The IRS embarked on a big awareness campaign since the summer, telling taxpayers they should review and update their withholding numbers at work to ensure that they are paying enough federal income tax. But they’re not the only ones who should be checking their numbers, reports CNBC in the article “The IRS is warning retirees of this impending surprise tax.” Retirees who fail to update withholding from pensions or annuities may be in for a surprise, and it won’t be a good one.
It’s easier to say people should do this, than for them to do it, however.
Once people leave the workplace, they start drawing down income from several different sources. That usually means Social Security, IRAs, pensions and annuities.
While they were working, they didn’t have to think about income taxes, unless they were self-employed. Their payroll company or HR department took care of that.
Now, they must pay estimated taxes every quarter to the IRS.
There are two issues: making sure you remember to pay the tax on a timely basis and making sure that you pay the correct account. Some accounting firms send their clients reminders. However, that doesn’t always do the job.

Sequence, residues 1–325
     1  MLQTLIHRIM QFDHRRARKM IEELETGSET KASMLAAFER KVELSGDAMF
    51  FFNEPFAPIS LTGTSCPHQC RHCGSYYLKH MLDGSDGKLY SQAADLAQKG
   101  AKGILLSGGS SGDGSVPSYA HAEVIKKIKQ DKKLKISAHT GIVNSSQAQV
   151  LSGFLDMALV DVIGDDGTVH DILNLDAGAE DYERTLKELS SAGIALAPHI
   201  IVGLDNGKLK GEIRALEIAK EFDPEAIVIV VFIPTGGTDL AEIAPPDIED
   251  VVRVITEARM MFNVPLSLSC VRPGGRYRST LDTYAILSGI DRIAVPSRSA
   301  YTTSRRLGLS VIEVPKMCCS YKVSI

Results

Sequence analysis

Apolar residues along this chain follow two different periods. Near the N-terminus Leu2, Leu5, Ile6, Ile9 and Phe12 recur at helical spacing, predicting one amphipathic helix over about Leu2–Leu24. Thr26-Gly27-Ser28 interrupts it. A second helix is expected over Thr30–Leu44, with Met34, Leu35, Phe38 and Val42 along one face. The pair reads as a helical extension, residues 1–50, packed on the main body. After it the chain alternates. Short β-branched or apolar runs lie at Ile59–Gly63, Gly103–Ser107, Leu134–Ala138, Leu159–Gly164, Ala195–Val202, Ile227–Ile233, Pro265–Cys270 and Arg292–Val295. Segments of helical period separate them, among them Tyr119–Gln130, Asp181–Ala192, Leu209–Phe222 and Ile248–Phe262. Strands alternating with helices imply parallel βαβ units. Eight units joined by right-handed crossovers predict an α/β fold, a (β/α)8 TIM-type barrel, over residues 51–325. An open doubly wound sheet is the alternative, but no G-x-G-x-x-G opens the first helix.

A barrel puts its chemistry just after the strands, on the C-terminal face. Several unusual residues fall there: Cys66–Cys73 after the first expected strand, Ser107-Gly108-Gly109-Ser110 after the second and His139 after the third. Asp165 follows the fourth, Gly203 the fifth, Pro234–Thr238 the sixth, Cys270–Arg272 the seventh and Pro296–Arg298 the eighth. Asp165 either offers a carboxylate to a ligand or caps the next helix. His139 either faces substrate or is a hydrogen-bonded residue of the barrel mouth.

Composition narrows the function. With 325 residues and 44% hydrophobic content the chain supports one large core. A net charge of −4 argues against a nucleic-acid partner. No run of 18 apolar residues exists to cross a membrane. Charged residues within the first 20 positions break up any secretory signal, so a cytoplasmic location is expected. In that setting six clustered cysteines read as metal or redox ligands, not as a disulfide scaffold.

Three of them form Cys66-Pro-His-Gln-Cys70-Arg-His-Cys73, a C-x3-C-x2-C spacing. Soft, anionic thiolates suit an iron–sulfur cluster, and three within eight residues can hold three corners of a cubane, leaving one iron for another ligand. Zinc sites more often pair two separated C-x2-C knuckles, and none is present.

How can you make this easier?
There are new withholding tables from the IRS. Speak with your accountant. Make sure you have enough money set aside for quarterly tax payments.
If you’re single and your AGI (Adjusted Gross Income) plus nontaxable interest and half of your Social Security benefits are more than $34,000 (or $44,000, if you’re married), as much as 85% of your Social Security benefits could be taxed. If that seems like a lot, you’re right.
One alternative: use the IRS Form W-4V to withhold a flat rate from each check. Depending on your situation, you can withhold 7%, 10%, 12% or 22%.
If pension or annuity payments are an income source, you can also have taxes withheld from your income, using IRS Form W-4P, and chose the number of allowances you want to claim.
Work with your accountant to get a clear picture of your tax liability and do that now. If you want to avoid a nasty tax surprise in the spring, get it all done well before the end of 2018. You must know what you will need to pay. Especially for new retirees, it’s not easy to figure it out.
Reference: CNBC (Sep. 12, 2018) “The IRS is warning retirees of this impending surprise tax”